If a Japanese horse is to win the 2018 Kentucky Derby, then it’s maybe appropriate if it has two past Kentucky Derby winners in its first three generations.
Fitting that bill is Ruggero, who won the first of the three races which form the Japanese Road to the 2018 Kentucky Derby, the one-mile Cattleya Sho Nov. 25, which carries a 10-4-2-1 points split for the first four.
Ruggero is, like so many other horses in Japan, from the sire line formed by the 1989 Derby winner Sunday Silence. His sire Kinshasa no Kiseki is a son of Sunday Silence’s grade one-winning son Fuji Kiseki.
Derby winners make up both grandsires of Kinshasa no Kiseki, as his dam Keltshaan is by 1981 victor Pleasant Colony. Ruggero also has 1964 Derby winner Northern Dancer in his fourth generation.
Bred by Shadai Farm, Ruggero was a 39 million yen weanling (about $315,000) purchase for Takashi Muraki at the JRHA Select Sale. He began his career on turf, winning his debut, finishing second at his next start, and then running eighth of 18 after drawing the extreme outside barrier in the Saudi Arabia Royal Cup (G3).
His efforts were enough to make him third favorite for the Cattleya Sho, and he produced a professional performance. Settling fourth, he was getting the better of pacemaking Morito Yubu when the latter crashed into the rail with about 1/16 of a mile to run. Ruggero looked to lose some momentum when that happened but kept his mind on the job enough to win by half a length from Mic Ben Hur and Meiner Yukitsubaki.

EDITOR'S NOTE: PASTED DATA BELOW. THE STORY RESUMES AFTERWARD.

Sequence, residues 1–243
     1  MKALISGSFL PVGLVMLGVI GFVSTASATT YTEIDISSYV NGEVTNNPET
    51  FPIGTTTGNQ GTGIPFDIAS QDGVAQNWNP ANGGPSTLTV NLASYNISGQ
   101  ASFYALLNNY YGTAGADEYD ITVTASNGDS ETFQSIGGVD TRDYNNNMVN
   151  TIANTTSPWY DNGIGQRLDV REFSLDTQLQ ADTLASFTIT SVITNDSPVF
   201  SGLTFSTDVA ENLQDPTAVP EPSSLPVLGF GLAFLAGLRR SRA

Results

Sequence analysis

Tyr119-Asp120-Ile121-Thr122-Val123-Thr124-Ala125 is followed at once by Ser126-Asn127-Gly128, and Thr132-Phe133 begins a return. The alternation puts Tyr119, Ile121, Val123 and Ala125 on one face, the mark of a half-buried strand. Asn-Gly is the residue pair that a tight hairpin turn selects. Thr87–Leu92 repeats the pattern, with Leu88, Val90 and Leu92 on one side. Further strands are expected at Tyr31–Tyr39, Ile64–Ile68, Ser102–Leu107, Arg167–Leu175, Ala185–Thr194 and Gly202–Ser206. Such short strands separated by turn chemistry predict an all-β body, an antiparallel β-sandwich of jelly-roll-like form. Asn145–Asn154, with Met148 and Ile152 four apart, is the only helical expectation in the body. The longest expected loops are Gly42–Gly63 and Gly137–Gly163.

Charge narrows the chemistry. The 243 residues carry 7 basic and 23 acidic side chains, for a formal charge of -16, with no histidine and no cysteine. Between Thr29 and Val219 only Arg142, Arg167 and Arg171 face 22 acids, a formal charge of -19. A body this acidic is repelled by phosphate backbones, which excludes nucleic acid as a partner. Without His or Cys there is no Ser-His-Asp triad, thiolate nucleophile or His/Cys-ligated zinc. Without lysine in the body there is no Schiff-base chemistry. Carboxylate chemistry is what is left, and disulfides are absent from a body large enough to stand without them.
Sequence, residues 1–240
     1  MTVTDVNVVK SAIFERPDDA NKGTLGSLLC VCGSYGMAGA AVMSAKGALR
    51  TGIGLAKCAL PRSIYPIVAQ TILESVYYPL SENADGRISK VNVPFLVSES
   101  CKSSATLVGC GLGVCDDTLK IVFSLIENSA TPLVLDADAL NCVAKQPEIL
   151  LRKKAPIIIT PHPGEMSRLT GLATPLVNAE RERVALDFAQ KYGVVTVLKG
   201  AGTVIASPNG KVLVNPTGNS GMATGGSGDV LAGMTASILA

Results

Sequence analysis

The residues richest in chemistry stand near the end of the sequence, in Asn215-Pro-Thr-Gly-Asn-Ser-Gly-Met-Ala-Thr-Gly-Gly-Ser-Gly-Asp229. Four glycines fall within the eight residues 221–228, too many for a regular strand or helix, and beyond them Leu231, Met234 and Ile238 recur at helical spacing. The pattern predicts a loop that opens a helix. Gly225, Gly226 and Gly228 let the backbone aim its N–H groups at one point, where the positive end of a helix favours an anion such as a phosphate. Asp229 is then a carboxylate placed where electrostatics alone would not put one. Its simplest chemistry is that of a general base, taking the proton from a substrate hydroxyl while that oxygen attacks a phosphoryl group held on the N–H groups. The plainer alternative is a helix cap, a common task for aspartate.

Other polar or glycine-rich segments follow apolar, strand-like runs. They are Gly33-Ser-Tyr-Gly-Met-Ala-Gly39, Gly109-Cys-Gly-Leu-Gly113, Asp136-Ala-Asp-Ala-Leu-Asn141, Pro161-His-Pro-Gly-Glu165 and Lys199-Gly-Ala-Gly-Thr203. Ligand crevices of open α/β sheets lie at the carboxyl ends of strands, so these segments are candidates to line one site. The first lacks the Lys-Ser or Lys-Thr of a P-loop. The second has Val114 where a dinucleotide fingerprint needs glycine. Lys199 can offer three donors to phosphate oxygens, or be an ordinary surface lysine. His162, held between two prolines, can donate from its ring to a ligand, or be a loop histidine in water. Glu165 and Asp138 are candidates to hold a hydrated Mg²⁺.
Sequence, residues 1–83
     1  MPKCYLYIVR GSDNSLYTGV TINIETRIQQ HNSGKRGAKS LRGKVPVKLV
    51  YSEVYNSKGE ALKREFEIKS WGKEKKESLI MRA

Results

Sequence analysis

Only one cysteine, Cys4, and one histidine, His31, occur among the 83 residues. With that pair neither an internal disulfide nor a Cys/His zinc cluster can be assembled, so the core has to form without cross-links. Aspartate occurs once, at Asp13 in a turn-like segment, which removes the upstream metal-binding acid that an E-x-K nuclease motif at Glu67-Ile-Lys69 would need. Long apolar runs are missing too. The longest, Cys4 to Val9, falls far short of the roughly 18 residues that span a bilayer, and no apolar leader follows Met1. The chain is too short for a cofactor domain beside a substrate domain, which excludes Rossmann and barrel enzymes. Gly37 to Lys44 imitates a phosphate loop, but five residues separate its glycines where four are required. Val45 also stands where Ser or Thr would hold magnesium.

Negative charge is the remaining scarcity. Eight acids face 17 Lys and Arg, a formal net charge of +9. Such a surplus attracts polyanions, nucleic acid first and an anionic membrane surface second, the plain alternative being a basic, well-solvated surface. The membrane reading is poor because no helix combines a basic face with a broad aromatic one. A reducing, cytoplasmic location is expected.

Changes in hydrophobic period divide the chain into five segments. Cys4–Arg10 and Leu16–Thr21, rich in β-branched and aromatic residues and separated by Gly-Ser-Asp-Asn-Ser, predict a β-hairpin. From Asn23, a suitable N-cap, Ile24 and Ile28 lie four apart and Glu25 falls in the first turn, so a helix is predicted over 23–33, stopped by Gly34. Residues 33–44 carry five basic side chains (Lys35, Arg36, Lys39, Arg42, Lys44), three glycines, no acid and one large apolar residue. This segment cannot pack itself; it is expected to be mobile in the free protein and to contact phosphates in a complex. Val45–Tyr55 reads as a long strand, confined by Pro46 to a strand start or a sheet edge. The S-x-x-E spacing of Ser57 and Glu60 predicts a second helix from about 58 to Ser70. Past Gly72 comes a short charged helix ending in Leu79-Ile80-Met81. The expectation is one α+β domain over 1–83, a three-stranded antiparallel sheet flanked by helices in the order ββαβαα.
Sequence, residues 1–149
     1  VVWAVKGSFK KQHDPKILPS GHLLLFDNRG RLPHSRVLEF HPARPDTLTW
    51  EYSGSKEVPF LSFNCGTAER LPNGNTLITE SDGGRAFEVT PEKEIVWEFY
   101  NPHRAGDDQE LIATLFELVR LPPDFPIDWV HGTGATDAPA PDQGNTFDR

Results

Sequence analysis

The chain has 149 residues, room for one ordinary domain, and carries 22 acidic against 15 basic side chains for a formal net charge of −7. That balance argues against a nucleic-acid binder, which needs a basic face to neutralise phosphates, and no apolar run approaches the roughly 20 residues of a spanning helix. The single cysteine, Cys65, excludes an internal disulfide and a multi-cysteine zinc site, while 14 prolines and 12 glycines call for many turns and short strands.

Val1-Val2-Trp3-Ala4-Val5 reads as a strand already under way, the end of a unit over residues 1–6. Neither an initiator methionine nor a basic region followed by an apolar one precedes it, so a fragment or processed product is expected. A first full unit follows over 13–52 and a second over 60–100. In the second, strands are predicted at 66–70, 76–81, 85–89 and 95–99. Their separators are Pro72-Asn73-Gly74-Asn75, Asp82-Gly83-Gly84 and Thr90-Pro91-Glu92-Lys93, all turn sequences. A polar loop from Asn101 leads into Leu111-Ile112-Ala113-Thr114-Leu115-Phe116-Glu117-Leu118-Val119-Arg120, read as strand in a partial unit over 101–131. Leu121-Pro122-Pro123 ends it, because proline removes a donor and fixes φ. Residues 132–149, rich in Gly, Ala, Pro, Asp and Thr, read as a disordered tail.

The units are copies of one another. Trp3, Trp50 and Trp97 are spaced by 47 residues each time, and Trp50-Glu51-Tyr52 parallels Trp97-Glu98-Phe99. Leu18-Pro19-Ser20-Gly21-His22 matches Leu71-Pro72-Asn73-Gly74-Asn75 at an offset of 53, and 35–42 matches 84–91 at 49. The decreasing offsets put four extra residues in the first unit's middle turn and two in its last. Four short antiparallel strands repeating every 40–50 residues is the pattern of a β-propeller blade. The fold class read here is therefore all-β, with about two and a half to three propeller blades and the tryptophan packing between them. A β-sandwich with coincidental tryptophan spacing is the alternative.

Trainer Yuichiro Shikato is reportedly planning to next target the 1 1/8-mile Hyacinth Stakes in March, for which the split is 30-12-6-3. If he wins that, the Kentucky Derby is a possibility.
Despite the Derby winners in his pedigree, however, there will be some questions about Ruggero’s ability to stay 1 ¼ miles on the First Saturday in May.
Kinshasa no Kiseki, an Australian-bred, was very much a sprinter. He found his best form at the ages of six and seven, when he won the six-furlong Takamatsunomiya Kinen (G1) twice and the seven-furlong Hanshin Cup (G2) twice. He was not as effective at a mile, winning two from nine.
Kinshasa no Kiseki’s oldest crop is five, and he has four stakes winners to date, all of which scored in the six-furlong to one mile range.
There is a bit more race stamina on Ruggero’s distaff side. His dam Silver Cup won the one-mile Italian 1,000 Guineas (G2) before heading to the United States, where she won all three of her 4-year-old starts, each a grade two race on the Santa Anita turf between a mile and 1 1/8 miles: the San Gorgonio Handicap, Buena Vista Handicap, and Santa Ana Handicap.
Her career was on turf, but her sire was the 1999 Dubai World Cup (G1) winner Almutawakel.
Basically, the pedigree does raise questions about stamina. The best clues about his Derby stamina will be provided by how he runs in the Hyacinth Stakes. If he goes well there, it’s then all about class.